Classical Music

Chuck posted a couple of video clips of performances of pieces composed by Carl Freidrich Abel, which prompted me to think of my favorite classical pieces. Though I mostly listen to harder music (August Burns Red, Becoming the Archetype, As I Lay Dying, etc), l do love and enjoy classical music. Here are some of my all-time favorite pieces.

  • Hungarian Rhapsody no. 2 composed by Franz Lizst, here performed by Josef Bulva. This is probably my favorite piano pieces of all time. I first heard it as a kid and have loved it ever since. This rendition, of those I’ve heard, is by far my favorite.
  • Prelude in C# Minor, “The Bells of Moscow” composed by Sergei Rachmaninoff.
  • Cavalleria rusticana – Intermezzo composed by Pietro Mascagni, here performed by the Evergreen Symphony Orchestra. For a special treat, check out Andrea Bocelli’s performance of Ave Maria sung to this piece.
  • Sheep May Safely Graze composed by Johann Sebastian Bach, here performed by Leon Fleisher.
  • Rhapsody on a Theme by Paganini composed by Sergei Rachmaninoff, here performed by Lang Lang. This piece is quite lovely (it runs some 2o+ minutes), but this is the 18th variation, and has to be one of the most beautiful pieces of music ever composed.
  • Eine kleine Nachtmusik composed by Wolfgang Amadeus Mozart.
  • Für Elise composed by Ludwig von Beethoven.

There you have it–enjoy!

Αυτω η δοξα,

Jason

Advertisements

2 thoughts on “Classical Music

  1. Jason,

    I must applaud you for your selection of classical pieces, and thank you for the mention of Rachmaninoff–I had not heard that one. It’s one that would compliment a reading of Edgar Allan Poe quite well. 😉

    On another front, and a bit of shameless advertising, because of your usual bent for ‘harder music’, I was wondering what you think of this:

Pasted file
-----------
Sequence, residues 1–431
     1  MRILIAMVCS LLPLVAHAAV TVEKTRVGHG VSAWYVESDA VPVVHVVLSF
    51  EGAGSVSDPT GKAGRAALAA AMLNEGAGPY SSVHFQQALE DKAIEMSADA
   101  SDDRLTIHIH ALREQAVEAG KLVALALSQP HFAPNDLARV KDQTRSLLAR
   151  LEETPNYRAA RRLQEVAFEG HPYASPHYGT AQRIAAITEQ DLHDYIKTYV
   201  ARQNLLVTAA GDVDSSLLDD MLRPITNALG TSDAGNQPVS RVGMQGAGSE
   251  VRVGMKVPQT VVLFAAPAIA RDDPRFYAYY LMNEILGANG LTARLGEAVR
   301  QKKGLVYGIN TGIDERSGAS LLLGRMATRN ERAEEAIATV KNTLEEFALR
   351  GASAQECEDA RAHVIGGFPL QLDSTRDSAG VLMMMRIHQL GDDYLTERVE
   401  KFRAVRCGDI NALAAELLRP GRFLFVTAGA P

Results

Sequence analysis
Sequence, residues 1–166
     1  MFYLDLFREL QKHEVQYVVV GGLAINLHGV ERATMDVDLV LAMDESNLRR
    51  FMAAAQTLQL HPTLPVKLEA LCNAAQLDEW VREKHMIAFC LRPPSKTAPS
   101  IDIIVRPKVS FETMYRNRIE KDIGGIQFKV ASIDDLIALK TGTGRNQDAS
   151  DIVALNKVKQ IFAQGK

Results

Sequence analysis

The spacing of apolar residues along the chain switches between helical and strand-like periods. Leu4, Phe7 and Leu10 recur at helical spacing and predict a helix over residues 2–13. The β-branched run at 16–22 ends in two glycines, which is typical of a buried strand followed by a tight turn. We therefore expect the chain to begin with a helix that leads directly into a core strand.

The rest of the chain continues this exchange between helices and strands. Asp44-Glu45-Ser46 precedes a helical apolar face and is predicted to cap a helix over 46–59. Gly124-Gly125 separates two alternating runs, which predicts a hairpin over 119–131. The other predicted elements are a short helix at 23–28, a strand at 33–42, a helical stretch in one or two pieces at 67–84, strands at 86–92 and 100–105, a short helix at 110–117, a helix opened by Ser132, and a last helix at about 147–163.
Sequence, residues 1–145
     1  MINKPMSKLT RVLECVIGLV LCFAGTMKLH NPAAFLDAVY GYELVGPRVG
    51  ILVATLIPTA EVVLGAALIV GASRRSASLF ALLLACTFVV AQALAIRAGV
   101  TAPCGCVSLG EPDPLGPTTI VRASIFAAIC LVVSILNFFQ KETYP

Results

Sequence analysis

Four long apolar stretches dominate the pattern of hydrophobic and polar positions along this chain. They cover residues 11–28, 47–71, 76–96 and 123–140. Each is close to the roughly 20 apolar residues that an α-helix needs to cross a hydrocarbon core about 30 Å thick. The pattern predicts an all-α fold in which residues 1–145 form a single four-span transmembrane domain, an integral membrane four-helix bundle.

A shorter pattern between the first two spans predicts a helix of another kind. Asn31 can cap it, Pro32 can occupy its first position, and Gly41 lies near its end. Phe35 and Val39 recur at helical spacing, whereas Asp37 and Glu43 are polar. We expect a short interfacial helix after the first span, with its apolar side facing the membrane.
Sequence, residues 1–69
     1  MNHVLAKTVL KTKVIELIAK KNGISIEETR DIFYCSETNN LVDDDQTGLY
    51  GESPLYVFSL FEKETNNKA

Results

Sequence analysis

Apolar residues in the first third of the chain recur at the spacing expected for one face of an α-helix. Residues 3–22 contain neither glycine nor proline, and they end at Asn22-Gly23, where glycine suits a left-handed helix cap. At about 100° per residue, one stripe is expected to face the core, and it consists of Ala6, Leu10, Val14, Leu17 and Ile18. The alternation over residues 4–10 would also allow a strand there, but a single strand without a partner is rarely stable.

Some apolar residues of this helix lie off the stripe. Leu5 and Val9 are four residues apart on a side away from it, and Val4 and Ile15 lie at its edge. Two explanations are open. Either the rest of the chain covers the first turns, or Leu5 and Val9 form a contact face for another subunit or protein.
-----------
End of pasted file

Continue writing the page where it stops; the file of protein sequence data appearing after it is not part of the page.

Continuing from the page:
http://www.myspace.com/deceptionunderground

    It’s not as hard as the ones you mentioned, but it’s certainly within the ballpark. For the sake of connection, the writer and lead singer for Deception is my brother-in-law.

  2. Carl: Thank you and I’m glad you like the piece by Rachmaninoff (I assume you’re referring to “The Bells of Moscow”). It certainly is a dark-sounding piece. I read somewhere a while back that he wrote it after a close friend died. I don’t know if that’s true, but it would certainly fit the mood, and, would definitely attend a reading of Poe well!

    I checked out the band you linked–not bad. My tastes span the hard music continuum, so though not as heavy as the bands I linked, I still like bands at that degree.

Leave a Reply

Fill in your details below or click an icon to log in:

WordPress.com Logo

You are commenting using your WordPress.com account. Log Out / Change )

Twitter picture

You are commenting using your Twitter account. Log Out / Change )

Facebook photo

You are commenting using your Facebook account. Log Out / Change )

Google+ photo

You are commenting using your Google+ account. Log Out / Change )

Connecting to %s